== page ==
A coronavirus vaccine could start being distributed by Christmas, the UK Government has said.
After months of research and testing, a jab developed by pharmaceutical giant Pfizer cleared a “significant hurdle”, it has been reported.
It’s now been put forward for emergency approval with the UK Government hoping it could be available before the end of 2020.
It comes as Wales has returned to a national set of restrictions to tackle the virus, and England remains less than a week into its second national lockdown.
Here’s everything we know so far about the vaccine:
When will it be available?
The UK’s deputy chief medical officer Professor Jonathan Van-Tam told a Downing Street press conference he was “hopeful” there would be “some vaccine by Christmas”.
He said: “Frankly, we’re in the middle of the second wave, and I don’t see the vaccine making any difference for the wave we are now in.
“I’m hopeful that it may prevent future waves, but this one we have to battle through to the end without a vaccine.
“This is a very important scientific breakthrough. I am certain of that.
“I am hopeful because of all that, but not yet certain that we could begin to see some vaccine by Christmas.”
However, the vaccine will be rolled out to segments of the population, meaning it could be many months before it is available to everyone.
Who will be able to get it?
First Minister Mark Drakeford said how the vaccine will be used will be determined once it’s available.
Wales is part of the UK procurement scheme, meaning it will get a population share of the jab from the UK Government.
“That’s what’s already been agreed and when the vaccine comes to Wales, it’ll be the Welsh Government’s responsibility to store the vaccine and then to distribute it so that it can be used for the Welsh population,” Mr Drakeford said in a press conference.
He said Wales will determine how to use it across its population.
Wales’ health minister Vaughan Gething previously said the first recipients of any vaccine would be “the most vulnerable population”.
Where will I be able to get it?
Where the vaccine will be made available has not yet been confirmed in Wales. Before the announcement, Health boards had already started putting in place plans to roll out the vaccine to vulnerable groups and key workers first.
However, chairman of the British Medical Association’s GP committee in England, Dr Richard Vautrey, said practices there would be ready to deliver the vaccine, with clinics potentially running from 8am-8pm, seven days a week.
The roll out will be backed by £150 million in support for GPs.
In addition to surgeries, the vaccine may also be delivered in England through care homes, pharmacists and vaccination centres set up in community venues, Mr Hancock told BBC Breakfast.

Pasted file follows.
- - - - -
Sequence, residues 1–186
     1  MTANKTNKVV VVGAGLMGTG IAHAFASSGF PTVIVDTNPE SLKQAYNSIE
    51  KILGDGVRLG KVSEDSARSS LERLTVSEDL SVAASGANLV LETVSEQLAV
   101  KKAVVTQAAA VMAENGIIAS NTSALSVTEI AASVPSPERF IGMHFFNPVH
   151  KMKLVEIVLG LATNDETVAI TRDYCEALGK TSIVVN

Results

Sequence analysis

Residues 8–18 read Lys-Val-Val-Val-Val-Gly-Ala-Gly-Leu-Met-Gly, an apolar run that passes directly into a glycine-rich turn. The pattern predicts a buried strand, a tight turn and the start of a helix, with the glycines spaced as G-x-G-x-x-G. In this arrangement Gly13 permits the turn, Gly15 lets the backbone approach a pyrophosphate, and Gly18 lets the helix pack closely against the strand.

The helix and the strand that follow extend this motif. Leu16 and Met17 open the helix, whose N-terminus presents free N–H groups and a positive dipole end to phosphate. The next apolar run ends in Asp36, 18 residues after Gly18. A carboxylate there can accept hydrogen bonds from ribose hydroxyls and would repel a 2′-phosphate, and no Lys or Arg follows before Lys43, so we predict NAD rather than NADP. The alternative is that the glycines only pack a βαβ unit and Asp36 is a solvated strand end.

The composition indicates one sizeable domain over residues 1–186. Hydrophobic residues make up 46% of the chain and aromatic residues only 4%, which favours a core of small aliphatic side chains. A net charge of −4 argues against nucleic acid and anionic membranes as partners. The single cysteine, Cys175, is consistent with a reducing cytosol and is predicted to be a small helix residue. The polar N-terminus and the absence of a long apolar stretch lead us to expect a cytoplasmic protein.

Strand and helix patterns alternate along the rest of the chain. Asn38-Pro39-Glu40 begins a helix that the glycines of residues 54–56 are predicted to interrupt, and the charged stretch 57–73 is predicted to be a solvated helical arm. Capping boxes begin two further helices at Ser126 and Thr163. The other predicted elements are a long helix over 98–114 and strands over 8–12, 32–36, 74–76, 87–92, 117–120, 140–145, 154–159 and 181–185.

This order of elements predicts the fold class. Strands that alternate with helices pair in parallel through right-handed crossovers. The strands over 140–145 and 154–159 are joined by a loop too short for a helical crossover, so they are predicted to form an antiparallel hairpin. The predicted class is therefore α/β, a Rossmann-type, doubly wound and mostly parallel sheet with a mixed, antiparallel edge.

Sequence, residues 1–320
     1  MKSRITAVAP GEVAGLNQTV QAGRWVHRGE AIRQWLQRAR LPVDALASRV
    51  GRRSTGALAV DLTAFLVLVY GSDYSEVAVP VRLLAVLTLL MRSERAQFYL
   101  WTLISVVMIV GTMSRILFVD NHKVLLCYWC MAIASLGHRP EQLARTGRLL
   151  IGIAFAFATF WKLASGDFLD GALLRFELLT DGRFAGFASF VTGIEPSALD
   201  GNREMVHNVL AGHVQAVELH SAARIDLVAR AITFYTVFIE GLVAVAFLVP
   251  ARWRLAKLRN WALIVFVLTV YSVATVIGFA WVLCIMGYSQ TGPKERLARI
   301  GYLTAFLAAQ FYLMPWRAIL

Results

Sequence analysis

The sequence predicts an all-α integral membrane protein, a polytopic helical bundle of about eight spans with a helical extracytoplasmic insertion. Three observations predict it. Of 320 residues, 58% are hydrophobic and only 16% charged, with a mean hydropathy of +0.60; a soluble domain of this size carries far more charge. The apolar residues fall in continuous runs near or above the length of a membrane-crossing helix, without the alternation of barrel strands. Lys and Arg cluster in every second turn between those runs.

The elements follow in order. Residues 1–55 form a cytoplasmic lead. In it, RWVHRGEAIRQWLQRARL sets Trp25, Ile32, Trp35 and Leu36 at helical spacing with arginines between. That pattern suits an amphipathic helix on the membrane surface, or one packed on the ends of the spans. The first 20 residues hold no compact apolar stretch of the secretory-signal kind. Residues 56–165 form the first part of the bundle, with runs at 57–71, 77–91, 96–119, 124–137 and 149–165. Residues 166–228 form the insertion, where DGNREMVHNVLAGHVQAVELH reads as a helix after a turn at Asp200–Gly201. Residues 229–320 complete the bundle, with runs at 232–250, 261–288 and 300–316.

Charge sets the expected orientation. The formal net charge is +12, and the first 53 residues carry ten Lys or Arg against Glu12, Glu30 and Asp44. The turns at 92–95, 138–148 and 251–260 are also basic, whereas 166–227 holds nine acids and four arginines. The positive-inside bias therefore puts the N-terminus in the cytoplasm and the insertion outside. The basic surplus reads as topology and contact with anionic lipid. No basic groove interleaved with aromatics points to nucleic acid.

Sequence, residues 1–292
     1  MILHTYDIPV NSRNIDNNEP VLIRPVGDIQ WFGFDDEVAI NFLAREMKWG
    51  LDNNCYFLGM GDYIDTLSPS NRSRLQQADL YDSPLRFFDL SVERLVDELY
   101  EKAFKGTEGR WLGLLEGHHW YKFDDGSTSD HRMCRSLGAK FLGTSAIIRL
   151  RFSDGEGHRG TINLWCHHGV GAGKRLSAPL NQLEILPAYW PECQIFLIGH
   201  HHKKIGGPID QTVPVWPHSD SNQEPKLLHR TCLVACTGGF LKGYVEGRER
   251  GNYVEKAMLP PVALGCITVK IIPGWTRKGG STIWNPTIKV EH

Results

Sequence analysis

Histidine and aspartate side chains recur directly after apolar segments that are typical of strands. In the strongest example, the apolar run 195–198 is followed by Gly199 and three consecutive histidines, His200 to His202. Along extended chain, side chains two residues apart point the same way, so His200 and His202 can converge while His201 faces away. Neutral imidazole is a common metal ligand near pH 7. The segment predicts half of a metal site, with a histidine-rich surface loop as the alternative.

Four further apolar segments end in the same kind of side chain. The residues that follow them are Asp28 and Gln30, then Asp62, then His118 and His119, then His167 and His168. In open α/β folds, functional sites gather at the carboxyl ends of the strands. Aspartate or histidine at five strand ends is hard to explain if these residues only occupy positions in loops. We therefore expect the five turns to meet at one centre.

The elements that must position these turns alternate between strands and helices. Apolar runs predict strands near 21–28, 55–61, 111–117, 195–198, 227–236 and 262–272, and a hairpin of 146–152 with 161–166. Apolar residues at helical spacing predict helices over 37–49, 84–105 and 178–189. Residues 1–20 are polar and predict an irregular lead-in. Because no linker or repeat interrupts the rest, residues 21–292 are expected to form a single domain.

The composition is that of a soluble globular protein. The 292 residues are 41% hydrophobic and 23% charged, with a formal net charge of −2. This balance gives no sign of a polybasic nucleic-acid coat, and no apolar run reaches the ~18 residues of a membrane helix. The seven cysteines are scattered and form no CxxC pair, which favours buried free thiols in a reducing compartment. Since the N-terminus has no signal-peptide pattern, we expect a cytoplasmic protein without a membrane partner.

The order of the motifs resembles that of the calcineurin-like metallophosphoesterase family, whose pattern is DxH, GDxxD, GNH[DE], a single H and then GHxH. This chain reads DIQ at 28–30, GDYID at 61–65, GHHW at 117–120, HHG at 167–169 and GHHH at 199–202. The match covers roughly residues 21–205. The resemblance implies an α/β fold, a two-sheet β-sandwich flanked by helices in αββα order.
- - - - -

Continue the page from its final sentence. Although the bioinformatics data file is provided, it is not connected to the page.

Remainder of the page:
He added that the NHS is working with the armed forces to ensure they are ready as soon as a vaccine is cleared.
How does it work?
The Pfizer vaccine is an mRNA vaccine, or messenger RNA vaccine, which uses only the virus’ genetic code.
An mRNA vaccine is injected into the body where it enters cells and tells them to create antigens. These antigens are recognised by the immune system and prepare it to fight coronavirus.
Unlike with conventional vaccines, no actual virus is needed to create an mRNA vaccine. This means the rate at which the vaccine can be produced is accelerated, according to PA.
The Pfizer mRNA vaccine is so far believed to be effective in 90% of people.
It is expected to be given to people in two doses, three weeks apart, according to the BBC.
It’s not yet clear whether the vaccine would at some point have to be administered again, or whether immunity is long lasting.
Will I be forced to get the vaccine?
Matt Hancock has said that vaccine uptake will be voluntary.
“We are not proposing to make this compulsory – not least because I think the vast majority of people are going to want to have it,” he told the BBC.
Will this end the pandemic?
First Minister Mark Drakeford has cautioned people thinking this vaccine will mark an end to the pandemic.
Speaking at a Welsh Government coronavirus briefing on Monday, he said: “It is good news, of course, if any of the vaccines in trials are making progress.
“[But] I think you would always want to read carefully what a particular competitor in this field says on their own behalf.
“I’m not going to be tempted today, as I’ve tried not to be tempted throughout coronavirus, to suggest that this somehow means that there is a magic bullet on the horizon and coronavirus is about to disappear out of our lives.”
Matt Hancock also refused to say when things might be back to normal.
Speaking to Sky News, he said: “We want to get life back to normal as quickly as possible.
“I am not going to put a date on it because there are so many steps we need to go through.”